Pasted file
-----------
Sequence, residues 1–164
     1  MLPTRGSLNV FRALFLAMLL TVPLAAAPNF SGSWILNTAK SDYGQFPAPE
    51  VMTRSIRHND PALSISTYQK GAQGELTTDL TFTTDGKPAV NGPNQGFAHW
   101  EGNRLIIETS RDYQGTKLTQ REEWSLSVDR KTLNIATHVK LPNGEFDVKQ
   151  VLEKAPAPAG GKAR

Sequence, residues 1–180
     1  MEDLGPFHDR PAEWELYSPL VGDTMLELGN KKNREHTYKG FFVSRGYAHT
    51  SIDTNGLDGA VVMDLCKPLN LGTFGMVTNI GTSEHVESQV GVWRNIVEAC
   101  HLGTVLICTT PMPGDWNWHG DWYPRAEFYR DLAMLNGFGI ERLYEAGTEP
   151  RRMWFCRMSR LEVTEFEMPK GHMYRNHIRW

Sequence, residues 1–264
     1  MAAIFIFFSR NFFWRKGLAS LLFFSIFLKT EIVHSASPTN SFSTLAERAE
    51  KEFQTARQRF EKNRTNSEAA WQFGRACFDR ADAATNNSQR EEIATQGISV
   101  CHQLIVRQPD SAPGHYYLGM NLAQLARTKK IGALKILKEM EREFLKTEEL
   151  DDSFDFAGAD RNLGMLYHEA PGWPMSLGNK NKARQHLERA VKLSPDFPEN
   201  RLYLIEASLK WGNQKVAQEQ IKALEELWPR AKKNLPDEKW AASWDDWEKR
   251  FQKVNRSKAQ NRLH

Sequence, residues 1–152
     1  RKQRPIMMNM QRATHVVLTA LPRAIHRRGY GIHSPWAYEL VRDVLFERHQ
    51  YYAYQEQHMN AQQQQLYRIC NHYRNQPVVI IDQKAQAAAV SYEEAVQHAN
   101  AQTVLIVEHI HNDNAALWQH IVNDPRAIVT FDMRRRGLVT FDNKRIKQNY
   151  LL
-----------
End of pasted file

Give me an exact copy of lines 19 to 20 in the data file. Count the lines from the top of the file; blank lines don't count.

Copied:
     1  RKQRPIMMNM QRATHVVLTA LPRAIHRRGY GIHSPWAYEL VRDVLFERHQ
    51  YYAYQEQHMN AQQQQLYRIC NHYRNQPVVI IDQKAQAAAV SYEEAVQHAN